Successful teachers never stop learning. Educators who improve every year are those who are open to new ideas and who can critically reflect and view their own teaching. (Slavin, 2006) This allows them the flexibility to vary academic and behavioral interventions as the individual needs of their students change. A successful educator must:
- Be knowledgeable of the academic content and use curriculum which meets the students’ needs. Academic frustration is frequently the source of behavior issues. Be aware of your students’ background and prior knowledge of the subjects you are teaching. Do not assume they have had the experiences necessary to grasp the concepts you are presenting.
- Provide chances to learn, practice, and receive meaningful feedback. Researcher John Hattie termed feedback as “the simplest prescription for improving education” (1996). This holds true for academics as well as for social skills training. Students must be able to communicate as well as receive constructive feedback honestly in a risk-free environment in order to progress. A “risk-free” setting does not mean “unchecked, unkind, or undisciplined;” it means “free from ridicule, harassment, and well-managed.” It also makes clear the connection between behavior and consequence. If you keep your hands to yourself, you receive high points on your daily point sheet; if you choose to settle things physically, you do not earn points and may also face disciplinary action, such as a referral.
- Motivate children to participate, constructing knowledge so that students see the application across subject areas, and demonstrate mutual respect for diverse cultures and disabilities. Many educators utilize peer coaching in which students act as tutors. This has proven to be an efficient and effective method for increasing achievement of students from diverse backgrounds in urban and suburban schools. I extend the tutoring model, and encourage my second and third graders with emotional behavioral disabilities to venture outside their classrooms, sharing their original Reader’s Theater scripts and science knowledge with other groups of students. This activity has boosted their self-esteem tremendously.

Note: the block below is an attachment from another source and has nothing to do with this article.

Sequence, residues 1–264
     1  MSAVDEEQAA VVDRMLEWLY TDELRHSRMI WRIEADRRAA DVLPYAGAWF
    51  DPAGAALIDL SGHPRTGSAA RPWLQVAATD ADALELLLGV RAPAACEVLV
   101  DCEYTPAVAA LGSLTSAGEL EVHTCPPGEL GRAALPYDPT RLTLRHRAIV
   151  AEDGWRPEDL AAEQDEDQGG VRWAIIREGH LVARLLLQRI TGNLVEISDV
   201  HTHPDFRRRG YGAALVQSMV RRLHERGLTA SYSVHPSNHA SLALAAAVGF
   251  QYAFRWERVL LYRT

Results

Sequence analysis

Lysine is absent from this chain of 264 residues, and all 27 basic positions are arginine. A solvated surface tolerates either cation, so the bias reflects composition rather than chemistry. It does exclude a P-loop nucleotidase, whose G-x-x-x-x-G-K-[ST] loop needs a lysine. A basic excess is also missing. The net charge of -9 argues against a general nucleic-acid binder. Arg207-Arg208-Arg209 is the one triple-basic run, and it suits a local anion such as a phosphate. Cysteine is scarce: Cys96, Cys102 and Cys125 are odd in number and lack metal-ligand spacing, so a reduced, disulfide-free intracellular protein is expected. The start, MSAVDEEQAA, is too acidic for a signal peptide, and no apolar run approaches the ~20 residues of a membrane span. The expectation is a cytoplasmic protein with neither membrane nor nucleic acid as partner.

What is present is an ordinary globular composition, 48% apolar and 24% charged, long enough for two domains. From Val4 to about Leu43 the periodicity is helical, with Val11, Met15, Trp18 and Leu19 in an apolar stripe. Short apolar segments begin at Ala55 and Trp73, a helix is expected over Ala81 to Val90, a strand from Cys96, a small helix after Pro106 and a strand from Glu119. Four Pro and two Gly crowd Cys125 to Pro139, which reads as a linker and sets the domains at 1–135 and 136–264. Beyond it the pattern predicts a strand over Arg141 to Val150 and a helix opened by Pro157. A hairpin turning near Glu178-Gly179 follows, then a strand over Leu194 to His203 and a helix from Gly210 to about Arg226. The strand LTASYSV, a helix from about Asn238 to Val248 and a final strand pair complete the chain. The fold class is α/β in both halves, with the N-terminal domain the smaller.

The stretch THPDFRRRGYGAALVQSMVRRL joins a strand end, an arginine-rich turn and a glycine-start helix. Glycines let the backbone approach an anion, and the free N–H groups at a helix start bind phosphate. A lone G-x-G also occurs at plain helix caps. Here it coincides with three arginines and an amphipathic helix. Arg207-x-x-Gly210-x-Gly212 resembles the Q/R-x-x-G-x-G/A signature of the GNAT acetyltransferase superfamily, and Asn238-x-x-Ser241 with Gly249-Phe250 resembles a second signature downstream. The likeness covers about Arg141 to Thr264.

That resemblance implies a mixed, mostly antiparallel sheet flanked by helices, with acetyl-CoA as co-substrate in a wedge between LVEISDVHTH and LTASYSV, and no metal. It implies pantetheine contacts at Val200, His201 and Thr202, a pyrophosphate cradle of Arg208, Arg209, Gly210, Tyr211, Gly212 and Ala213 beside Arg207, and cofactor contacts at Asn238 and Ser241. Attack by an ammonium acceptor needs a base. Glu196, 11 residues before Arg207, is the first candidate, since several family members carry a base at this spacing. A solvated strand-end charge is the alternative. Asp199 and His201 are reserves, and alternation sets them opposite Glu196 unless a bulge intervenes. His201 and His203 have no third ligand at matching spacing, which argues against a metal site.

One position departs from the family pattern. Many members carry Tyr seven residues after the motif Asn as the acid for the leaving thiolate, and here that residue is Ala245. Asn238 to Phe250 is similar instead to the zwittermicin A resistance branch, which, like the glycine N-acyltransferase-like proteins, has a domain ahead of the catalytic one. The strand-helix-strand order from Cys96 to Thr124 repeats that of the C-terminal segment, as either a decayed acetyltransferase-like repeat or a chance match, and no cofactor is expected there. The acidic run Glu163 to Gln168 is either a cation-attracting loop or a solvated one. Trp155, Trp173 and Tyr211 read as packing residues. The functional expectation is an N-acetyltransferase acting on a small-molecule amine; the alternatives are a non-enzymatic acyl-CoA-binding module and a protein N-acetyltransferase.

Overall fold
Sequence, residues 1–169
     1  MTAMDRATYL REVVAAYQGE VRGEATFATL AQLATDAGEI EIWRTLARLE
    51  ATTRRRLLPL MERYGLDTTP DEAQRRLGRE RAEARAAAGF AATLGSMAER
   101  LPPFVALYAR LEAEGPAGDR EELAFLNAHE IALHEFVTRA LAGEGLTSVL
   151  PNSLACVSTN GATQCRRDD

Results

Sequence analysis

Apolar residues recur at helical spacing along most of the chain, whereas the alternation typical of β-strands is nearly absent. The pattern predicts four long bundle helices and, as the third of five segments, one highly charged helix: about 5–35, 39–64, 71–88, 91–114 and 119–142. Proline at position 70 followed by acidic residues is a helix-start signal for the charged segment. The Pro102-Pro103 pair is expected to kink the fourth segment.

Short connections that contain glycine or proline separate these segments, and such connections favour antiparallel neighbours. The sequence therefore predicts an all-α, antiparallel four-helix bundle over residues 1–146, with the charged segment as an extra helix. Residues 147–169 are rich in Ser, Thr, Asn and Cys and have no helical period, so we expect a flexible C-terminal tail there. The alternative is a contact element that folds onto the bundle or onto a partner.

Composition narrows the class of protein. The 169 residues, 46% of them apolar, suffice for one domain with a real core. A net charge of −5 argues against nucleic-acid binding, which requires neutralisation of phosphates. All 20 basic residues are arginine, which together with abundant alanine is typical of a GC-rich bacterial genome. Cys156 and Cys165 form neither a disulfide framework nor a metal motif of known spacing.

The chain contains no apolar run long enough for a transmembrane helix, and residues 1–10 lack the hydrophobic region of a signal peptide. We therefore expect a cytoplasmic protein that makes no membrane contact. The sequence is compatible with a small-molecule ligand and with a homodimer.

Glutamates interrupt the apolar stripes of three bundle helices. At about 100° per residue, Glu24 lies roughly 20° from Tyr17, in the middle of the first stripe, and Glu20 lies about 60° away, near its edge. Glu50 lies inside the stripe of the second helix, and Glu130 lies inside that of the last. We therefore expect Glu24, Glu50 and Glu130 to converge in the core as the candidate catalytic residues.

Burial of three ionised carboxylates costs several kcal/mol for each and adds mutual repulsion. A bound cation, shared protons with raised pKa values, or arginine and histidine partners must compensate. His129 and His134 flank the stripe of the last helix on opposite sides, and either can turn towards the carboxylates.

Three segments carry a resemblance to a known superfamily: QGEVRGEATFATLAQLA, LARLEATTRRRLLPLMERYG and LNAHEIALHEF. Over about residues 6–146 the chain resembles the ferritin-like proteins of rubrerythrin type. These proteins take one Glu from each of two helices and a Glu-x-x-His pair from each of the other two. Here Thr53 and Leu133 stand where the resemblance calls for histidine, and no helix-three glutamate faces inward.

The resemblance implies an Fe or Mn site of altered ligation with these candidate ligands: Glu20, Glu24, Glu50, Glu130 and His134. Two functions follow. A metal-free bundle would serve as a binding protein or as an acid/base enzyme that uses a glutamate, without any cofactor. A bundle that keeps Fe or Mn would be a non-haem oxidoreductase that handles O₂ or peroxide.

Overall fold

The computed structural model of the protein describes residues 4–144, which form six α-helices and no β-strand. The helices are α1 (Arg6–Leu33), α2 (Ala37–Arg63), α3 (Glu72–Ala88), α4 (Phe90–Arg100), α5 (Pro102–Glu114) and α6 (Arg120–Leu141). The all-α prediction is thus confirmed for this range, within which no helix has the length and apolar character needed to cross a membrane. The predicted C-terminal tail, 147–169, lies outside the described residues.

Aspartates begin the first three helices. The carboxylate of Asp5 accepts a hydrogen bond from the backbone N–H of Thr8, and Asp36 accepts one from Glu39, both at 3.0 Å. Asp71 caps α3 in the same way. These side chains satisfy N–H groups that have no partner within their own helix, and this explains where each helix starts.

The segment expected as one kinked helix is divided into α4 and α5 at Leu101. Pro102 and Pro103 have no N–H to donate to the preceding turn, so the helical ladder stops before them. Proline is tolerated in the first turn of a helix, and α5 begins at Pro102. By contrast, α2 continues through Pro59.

- Be certain students clearly understand what is expected of them academically. According to Marzano, student achievement increases by 27% when pupils are made aware of the objectives of the academic lesson. Why keep it a secret? My students can even quote the research!
- Ensure that behavioral objectives, or expectations, are understood. These positive behaviors must be taught, modeled, reminded, and monitored.
- Use appropriate strategies in response to behavior problems. There will be fewer inappropriate behaviors in the classroom, and the classroom environment will support and encourage “doing what is right.”
Fuchs, D., Fuchs, L., Mathes, P. G., & Simmons, D. (1997). Peer-assisted learning strategies:
Making classrooms more responsive to diversity. American Educational Research Journal, 34(1), 174-206.
Glasgow, N. & Hicks, C. (2003). What successful teachers do. California: Corwin Press.
Hattie, J. & Marsh, H. (1996). The relationship between research and teaching: A meta-analysis. Review of Educational Research, 66(4), 507-542.
Marzano, R., Pickering, D., & Pollack J. (2001). Classroom instruction that works: Research-based strategies for increasing student achievement. Alexandria: Association for Supervision & Curriculum DevelopmentBe aw.
Slavin, R. (2006). Educational psychology: Theory and practice. Boston: Pearson, Allyn, & Bacon:
Witt, J. C., VanDerHeyden, A. M., & Gilbertson, D. (2004). Instruction and classroom management: Prevention and intervention research. In R.B. Rutherford, Jr., M.M. Quinn, & S.R. Mathur (Eds.), Handbook of Research in Emotional and Behavioral Disorders. (1st ed., pp. 426-445). New York: Guilford Press.